A Ball and a Bat: Exclamation Point of Our Time
The home run mystique involves the power of one dramatic blast to pull a people together
Historians are busy these days trying to make an accounting of this passing century. They ask: "What personality, or event, or invention is characteristic of this divisive, tumultuous period?"
How about the home run?
It seems fitting that the home run is making the front pages in the waning days of the American Century: The balls flying off the bats of Mark McGwire and Sammy Sosa are the exclamation points of the era.
The home run figures prominently into the contemporary American psyche.
There are two ways of looking at a home run: as a social historian (outside the foul line) or as a baseball historian (inside the foul line).
From the latter perspective, the importance of the home run and its mystique descends directly from the days of Babe Ruth.
Before the 1920s the home run was not that important. The great players of that age were one-base-at-a-time men. To men like Ty Cobb, the game consisted of singles, doubles, and stolen bases. Also called "one-station-at-a-time ball," this type of play was a product of the 19th century: methodical and scientific.
Then came Ruth, the "Paul Bunyan" of baseball.
With one mighty swat, he accomplished the same end: scoring runs.
It was more than all of those one-base-at-a-time steps that the others - combined - took before him. With Ruth it was quick and easy.
In terms of social history, Ruth's quick and easy approach was particularly appealing in the 1920s, when increasing numbers of Americans were moving into the regimented work experiences of desk jobs in bureaucracy and assembly lines in factories.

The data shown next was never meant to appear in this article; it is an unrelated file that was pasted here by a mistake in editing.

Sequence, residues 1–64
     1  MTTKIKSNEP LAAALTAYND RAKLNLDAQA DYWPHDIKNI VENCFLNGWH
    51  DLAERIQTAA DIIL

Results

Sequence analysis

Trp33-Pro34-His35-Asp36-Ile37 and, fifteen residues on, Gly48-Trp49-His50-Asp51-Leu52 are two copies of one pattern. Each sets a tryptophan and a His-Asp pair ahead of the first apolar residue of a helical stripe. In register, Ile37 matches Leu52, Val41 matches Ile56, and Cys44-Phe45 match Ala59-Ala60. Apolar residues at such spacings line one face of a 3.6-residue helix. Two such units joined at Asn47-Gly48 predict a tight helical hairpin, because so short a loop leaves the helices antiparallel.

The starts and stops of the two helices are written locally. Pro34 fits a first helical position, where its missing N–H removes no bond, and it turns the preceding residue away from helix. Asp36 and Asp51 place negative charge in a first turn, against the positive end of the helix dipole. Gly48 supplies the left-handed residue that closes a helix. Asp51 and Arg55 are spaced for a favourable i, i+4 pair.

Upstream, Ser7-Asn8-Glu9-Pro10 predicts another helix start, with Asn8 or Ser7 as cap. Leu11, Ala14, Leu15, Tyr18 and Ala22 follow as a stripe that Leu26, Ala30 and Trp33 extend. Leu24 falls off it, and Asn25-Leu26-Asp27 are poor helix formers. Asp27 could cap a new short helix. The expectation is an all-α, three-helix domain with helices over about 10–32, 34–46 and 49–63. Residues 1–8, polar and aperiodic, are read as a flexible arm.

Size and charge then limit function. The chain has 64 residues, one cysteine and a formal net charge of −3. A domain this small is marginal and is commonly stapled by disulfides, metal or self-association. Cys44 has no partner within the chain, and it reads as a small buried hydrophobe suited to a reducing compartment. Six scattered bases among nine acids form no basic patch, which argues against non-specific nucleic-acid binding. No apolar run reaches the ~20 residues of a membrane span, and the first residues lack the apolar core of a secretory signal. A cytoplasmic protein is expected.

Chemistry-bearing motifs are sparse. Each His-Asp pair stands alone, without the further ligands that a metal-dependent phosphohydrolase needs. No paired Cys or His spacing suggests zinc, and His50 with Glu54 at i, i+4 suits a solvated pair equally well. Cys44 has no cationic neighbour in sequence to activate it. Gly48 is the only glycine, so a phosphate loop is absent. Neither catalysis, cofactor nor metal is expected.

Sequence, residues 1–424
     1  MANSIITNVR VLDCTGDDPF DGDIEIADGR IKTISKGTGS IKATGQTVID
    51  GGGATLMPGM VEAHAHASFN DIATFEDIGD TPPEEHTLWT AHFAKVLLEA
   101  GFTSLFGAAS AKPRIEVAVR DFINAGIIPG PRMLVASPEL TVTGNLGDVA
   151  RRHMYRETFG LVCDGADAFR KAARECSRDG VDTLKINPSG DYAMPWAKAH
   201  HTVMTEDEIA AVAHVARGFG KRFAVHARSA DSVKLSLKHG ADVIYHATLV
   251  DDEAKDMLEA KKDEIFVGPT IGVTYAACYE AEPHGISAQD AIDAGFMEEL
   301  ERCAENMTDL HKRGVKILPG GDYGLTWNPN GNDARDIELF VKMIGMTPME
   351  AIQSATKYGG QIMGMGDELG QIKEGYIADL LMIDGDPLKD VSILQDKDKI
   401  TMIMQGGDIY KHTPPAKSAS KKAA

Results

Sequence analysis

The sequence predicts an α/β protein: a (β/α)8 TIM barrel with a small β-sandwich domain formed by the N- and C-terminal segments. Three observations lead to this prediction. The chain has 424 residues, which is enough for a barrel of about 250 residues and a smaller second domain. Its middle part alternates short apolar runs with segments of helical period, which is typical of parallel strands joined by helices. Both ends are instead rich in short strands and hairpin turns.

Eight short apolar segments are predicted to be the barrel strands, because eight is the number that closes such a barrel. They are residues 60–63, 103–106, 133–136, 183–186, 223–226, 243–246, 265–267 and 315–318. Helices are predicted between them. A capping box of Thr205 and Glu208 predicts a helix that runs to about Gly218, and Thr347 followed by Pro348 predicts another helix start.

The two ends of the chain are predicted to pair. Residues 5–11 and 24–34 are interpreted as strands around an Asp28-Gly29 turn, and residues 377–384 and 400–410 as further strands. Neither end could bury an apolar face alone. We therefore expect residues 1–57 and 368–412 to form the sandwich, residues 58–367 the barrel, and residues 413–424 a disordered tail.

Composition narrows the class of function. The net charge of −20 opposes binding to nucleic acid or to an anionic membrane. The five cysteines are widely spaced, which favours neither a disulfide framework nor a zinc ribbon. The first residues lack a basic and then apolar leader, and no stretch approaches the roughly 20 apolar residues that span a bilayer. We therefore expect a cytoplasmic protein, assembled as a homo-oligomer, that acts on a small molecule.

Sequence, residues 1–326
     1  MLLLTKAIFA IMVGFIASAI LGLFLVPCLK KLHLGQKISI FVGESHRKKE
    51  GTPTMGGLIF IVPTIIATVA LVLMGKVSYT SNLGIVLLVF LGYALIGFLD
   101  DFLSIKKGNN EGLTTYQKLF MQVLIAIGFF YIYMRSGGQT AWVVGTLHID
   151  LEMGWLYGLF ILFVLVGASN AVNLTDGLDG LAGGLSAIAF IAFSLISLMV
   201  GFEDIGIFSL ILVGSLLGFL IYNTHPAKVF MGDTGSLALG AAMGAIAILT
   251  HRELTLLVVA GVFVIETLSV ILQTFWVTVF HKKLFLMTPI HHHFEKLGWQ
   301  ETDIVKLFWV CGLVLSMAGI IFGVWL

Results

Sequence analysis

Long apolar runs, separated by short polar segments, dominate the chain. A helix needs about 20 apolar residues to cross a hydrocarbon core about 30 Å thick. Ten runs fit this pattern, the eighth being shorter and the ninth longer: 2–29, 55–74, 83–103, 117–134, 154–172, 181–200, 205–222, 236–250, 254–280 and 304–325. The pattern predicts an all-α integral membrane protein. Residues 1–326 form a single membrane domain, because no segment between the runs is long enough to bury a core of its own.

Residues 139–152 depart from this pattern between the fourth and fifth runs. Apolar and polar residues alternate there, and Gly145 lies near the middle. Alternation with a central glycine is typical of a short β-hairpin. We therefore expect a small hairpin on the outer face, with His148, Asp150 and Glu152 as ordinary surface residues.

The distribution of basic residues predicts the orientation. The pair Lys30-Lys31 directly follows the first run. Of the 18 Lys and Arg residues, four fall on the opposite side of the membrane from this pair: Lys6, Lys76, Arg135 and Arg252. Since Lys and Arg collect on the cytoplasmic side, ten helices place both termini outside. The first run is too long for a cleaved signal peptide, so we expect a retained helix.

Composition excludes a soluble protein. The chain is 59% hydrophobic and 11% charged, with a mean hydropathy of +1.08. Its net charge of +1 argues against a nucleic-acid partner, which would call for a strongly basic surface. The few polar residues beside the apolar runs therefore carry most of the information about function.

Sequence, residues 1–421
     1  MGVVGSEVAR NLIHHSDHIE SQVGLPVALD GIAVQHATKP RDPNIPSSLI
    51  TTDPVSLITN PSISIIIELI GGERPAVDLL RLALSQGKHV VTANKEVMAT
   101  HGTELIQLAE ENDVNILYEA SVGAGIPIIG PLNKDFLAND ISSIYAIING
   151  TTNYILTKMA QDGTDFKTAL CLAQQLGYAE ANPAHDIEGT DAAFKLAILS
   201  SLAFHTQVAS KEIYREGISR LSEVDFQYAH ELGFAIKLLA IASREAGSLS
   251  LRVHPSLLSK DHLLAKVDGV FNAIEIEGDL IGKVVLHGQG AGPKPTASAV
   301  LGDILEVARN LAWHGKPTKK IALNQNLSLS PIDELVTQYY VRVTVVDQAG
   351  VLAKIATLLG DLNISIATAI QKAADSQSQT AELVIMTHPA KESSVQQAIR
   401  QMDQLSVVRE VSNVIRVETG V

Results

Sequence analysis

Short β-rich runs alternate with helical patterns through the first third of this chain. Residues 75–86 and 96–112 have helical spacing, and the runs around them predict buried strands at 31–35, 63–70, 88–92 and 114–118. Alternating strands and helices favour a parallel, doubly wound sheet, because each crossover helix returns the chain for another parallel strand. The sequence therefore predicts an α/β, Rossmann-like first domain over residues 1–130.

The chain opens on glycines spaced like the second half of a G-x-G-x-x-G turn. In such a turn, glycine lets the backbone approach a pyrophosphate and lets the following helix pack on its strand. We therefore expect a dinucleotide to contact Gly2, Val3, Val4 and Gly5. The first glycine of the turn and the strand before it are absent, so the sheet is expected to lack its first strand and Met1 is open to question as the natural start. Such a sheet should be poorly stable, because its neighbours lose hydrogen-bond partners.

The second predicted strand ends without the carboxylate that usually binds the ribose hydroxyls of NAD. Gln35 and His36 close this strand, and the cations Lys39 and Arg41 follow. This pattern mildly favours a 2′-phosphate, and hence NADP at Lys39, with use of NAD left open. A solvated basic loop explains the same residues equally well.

Their work was comprised of processes, slow and methodical. That is why they connected with Ruth - he took them away from all that. It was like getting rich quick.
Babe Ruth was a natural-born hitter. Unlike the hard-working Ty Cobb, who was driven by his demons, Ruth didn't seem to have to work at the game.
Ruth was like the movie stars of the time who were discovered overnight - their seemingly effortless rise to fame and fortune was so unlike the arduous work of a bureaucrat or an assembly line worker.
Ruth was a compensatory hero. He helped the person in the bureaucracy or in the factory feel a share of the power that could overcome obstacles with one dramatic blast.
Polls show Ruth still ranks as one of the all-time great sports figures. He served as a symbol of power despite despite the fact he was overweight, a drinker, and a womanizer.
Ever since Ruth hit 60 home runs in a season there's been this kind of chase. After Ruth it was Jimmy Fox in the 1930s, and of course there was the race between Mickey Mantle and Roger Maris.
Nobody really wanted Ruth's record broken. But if anyone had to do it, the public preferred Mantle. Maris was considered a flash in the pan.
Although this year's race between McGwire and Sosa wasn't without its controversies, overall it was a good thing for baseball, and for the country.
One facet I like about this good-natured competition is the contrast between the two players - McGwire is old American stock, and Sosa is from a poor, Caribbean background. This nicely represents the demographic transformation in this country. Sosa represents our society's increasing ethnic diversity, and McGwire represents the well-known tradition.
AT the same time, the public's emotional involvement in this home run race encourages a kind of primitive solidarity among the population despite our diverse backgrounds. Our society has many forces that pull it apart. We don't have a king or a national church, but we do have a national sport. This is a tie that binds.
* Benjamin Rader is a history professor at the University of Nebraska-Lincoln. He wrote 'Baseball: A History of America's Game' (University of Illinois Press, 1992).